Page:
Install Icom ID-5100 in a 2017 GMC Canyon Denali

Posted: 2017-07-23 in Ham Radio
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Installing an Icom ID-5100 in a 2017 GMC Canyon Denali

Introduction

This post documents how and where I installed my Icom ID-5100 into my brand new 2017 GMC Canyon Denali. My goal was a very clean, professional looking install with no wires cluttering up the interior of my truck. I’ve always been of the mind that if you are going to do something, do it right.  This requires you to drill holes, quite a few of them.

Planning:

I spent a lot of time figuring out exactly where each component of the radio was going to go. I then spent considerable time figuring out how all of the wires would travel, unseen throughout the truck. I took apart sections of the truck to see how I could get everything where I wanted it to go. A set of trim removal tools are worth their weight in gold for this! This process took me two months. I’m a measure twice, cut once kind of guy. It is also a brand new truck and I did not want to get half way through my install only to figure out my plan was not feasible. This install will require you to drill holes. There is no way around a clean install without drilling holes.

End State

When this install is finished, the components will be in the following locations:
– Radio Body – under the rear passenger seat with easy access to the SD Card
– Antenna – center of the roof with an NMO antenna
– Control Head – in the cubby hole forward of the gear shift. The RJ12 cable will be plugged into a custom keystone installed next to the cigarette lighter.
– Microphone – Attached to the left side of the front console face plate. The microphone is plugged into a custom RJ45 Keystone installed next to the USB port and aux port.
– External Speaker – underneath and in front of the rear seat.

Radio Body
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ID-5100 Radio body under rear passenger seat.

All of your wires converge on the radio body, so it’s placement is crucial to success.  My radio body is located under the rear passenger side seat.  I bought a cheap 6″ x 10″ cutting board and mounted the radio mounting bracket to the cutting board. I cut about 2 inches off with a skill saw so it was the length of the radio body. I applied outdoor Velcro on the bottom of the cutting board to prevent slipping.  It is perfectly hidden, secure, and close to a cut-out in the carpet to enable easy access to wires coming out from underneath the carpet. I chose the passenger side for the radio body because it took up less storage space and would not be in my way when accessing the storage from the rear driver side.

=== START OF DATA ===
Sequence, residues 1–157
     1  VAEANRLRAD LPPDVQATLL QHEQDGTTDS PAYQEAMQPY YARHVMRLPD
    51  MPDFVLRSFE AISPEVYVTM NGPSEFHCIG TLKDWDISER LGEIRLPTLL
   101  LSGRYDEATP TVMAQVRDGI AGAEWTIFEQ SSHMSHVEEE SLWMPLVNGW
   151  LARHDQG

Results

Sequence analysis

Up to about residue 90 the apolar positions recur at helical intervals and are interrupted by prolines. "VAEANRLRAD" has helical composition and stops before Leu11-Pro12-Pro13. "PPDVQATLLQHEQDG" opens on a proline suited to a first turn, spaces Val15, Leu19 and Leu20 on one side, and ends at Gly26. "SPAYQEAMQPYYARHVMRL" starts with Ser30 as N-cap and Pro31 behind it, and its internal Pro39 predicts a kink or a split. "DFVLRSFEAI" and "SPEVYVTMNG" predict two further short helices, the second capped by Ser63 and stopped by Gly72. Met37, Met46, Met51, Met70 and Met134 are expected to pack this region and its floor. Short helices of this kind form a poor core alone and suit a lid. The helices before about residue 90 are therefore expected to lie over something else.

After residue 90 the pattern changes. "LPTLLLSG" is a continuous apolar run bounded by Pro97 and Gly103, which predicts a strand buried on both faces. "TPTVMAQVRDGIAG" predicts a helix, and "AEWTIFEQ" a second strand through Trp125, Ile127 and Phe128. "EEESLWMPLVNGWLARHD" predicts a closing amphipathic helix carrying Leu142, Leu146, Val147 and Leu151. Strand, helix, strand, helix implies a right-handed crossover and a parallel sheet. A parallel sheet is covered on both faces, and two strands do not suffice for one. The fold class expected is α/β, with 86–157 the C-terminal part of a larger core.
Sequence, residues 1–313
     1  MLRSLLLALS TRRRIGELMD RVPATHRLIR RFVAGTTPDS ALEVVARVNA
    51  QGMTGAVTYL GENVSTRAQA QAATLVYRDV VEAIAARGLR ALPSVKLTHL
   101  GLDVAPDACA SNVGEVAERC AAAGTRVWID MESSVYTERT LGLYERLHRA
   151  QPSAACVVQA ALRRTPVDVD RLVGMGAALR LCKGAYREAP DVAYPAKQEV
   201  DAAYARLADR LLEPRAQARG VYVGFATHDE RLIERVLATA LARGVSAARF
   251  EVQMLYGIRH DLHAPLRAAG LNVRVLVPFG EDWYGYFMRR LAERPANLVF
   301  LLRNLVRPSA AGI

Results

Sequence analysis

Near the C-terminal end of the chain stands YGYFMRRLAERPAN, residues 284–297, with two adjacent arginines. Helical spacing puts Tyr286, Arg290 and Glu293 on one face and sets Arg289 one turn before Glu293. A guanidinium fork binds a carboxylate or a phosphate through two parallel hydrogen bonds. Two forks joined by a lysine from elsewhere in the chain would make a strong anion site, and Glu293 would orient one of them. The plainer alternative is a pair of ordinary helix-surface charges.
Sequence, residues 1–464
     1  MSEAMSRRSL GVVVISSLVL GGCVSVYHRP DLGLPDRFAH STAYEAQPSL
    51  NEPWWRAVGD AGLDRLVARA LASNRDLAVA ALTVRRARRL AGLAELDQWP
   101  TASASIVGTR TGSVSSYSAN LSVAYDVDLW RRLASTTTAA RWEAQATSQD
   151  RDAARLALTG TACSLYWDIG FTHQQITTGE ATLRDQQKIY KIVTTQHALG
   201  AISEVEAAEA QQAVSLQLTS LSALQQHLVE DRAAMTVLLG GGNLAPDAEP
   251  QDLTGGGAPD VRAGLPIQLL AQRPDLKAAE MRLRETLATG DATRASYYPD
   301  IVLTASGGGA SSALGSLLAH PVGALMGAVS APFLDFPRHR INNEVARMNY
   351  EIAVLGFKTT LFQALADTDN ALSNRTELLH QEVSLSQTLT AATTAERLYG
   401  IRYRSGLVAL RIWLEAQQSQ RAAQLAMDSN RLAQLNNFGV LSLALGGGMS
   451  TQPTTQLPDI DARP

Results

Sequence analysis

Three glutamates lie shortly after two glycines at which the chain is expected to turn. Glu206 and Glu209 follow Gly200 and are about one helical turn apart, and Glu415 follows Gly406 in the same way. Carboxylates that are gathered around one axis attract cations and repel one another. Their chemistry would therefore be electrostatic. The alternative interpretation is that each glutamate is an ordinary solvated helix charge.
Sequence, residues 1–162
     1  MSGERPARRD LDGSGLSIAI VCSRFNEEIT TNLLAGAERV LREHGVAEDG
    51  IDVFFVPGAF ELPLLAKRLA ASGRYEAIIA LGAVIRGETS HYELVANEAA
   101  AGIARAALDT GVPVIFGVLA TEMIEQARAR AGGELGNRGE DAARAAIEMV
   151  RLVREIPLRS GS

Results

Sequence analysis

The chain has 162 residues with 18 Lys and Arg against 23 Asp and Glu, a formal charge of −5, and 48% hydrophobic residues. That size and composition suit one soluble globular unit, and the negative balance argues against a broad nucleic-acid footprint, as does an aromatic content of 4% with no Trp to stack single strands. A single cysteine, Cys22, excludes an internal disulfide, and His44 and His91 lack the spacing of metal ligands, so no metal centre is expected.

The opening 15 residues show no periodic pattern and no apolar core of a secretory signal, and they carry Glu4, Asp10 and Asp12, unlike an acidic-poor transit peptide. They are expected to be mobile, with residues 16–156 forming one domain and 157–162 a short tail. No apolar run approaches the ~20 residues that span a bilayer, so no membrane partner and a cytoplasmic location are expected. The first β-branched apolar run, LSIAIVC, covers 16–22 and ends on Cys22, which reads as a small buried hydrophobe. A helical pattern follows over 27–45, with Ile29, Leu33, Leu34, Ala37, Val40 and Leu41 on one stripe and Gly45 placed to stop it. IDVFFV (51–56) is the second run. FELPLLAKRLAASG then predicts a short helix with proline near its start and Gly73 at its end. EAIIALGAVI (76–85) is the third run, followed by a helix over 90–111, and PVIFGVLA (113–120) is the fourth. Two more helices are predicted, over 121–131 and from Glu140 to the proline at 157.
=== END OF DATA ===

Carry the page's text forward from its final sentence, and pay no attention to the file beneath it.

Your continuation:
Control Cable and Microphone Cable
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Small slit in the carpet to allow the control cable and microphone cable to travel underneath the carpet and center console.

I used a razor and cut a slit in the carpet just below and in front of the microphone and control cable connection sockets on the radio body. I fished a coat hanger through the slit and it came out under the center console. I tied two long pieces of paraccord to the coat hanger and pulled them back through the slot. I tied the microphone cable and the control cable to each of the pieces of paracord. I pulled the microphone cable through and then the control cable. Both cables run along the driver side center console, the panel is easily removed by moving the seat all the way to the rear and pulling outward to pop the clips. I zip tied the excess cable and then ran the ends up and around until they came out behind the area where they attach to the USB and 12V charger plate.

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Paracord pulled underneath carpet.  Tie control head and microphone cable to each piece of paranoid and pull through.

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8 clips on the front center console panel.  This shows the right (passenger) side; the driver side is identical.

RJ45 and RJ12 Keystones
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RJ45 and RJ12 Jacks for Microphone and Control Head Cable